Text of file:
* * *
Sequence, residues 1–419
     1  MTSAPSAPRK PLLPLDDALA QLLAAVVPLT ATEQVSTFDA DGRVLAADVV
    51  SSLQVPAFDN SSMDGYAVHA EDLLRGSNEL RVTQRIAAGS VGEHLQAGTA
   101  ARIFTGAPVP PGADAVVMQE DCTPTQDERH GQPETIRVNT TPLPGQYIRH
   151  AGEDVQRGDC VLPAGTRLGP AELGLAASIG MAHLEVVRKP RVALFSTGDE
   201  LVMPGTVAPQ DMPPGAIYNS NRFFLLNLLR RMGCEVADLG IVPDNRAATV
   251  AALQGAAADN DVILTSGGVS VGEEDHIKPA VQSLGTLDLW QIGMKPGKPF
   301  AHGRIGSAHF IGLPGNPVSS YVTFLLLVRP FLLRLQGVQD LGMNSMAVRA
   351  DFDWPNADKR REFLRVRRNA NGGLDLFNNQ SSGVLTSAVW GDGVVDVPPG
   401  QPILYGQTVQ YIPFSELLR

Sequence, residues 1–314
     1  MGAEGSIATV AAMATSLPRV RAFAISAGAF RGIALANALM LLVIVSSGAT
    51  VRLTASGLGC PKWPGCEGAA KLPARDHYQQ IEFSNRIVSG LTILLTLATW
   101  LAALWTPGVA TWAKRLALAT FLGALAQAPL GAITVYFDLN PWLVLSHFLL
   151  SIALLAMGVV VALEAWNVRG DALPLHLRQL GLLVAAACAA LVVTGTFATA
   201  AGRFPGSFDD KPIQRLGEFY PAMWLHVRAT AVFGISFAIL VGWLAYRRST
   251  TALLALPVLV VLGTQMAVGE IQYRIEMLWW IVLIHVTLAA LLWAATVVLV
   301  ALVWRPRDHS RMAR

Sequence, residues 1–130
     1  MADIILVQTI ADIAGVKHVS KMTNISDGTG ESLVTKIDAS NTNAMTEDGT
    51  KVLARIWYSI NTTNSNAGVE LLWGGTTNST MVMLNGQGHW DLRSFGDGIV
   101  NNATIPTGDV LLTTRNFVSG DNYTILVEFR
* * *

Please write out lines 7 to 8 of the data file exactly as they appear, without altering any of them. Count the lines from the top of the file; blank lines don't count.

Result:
   251  AALQGAAADN DVILTSGGVS VGEEDHIKPA VQSLGTLDLW QIGMKPGKPF
   301  AHGRIGSAHF IGLPGNPVSS YVTFLLLVRP FLLRLQGVQD LGMNSMAVRA